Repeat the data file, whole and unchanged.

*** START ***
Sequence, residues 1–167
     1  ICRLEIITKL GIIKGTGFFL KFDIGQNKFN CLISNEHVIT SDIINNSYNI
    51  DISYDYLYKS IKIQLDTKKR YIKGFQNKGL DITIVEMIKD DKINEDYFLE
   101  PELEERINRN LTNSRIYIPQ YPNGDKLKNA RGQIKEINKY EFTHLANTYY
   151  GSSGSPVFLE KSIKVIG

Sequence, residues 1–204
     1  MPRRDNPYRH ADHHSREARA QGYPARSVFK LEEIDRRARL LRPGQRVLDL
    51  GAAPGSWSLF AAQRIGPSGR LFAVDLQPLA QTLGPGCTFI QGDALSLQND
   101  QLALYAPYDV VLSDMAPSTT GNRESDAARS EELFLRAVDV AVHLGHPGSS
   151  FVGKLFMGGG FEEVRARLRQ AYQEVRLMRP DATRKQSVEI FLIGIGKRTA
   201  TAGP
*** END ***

Sequence, residues 1–167
     1  ICRLEIITKL GIIKGTGFFL KFDIGQNKFN CLISNEHVIT SDIINNSYNI
    51  DISYDYLYKS IKIQLDTKKR YIKGFQNKGL DITIVEMIKD DKINEDYFLE
   101  PELEERINRN LTNSRIYIPQ YPNGDKLKNA RGQIKEINKY EFTHLANTYY
   151  GSSGSPVFLE KSIKVIG

Sequence, residues 1–204
     1  MPRRDNPYRH ADHHSREARA QGYPARSVFK LEEIDRRARL LRPGQRVLDL
    51  GAAPGSWSLF AAQRIGPSGR LFAVDLQPLA QTLGPGCTFI QGDALSLQND
   101  QLALYAPYDV VLSDMAPSTT GNRESDAARS EELFLRAVDV AVHLGHPGSS
   151  FVGKLFMGGG FEEVRARLRQ AYQEVRLMRP DATRKQSVEI FLIGIGKRTA
   201  TAGP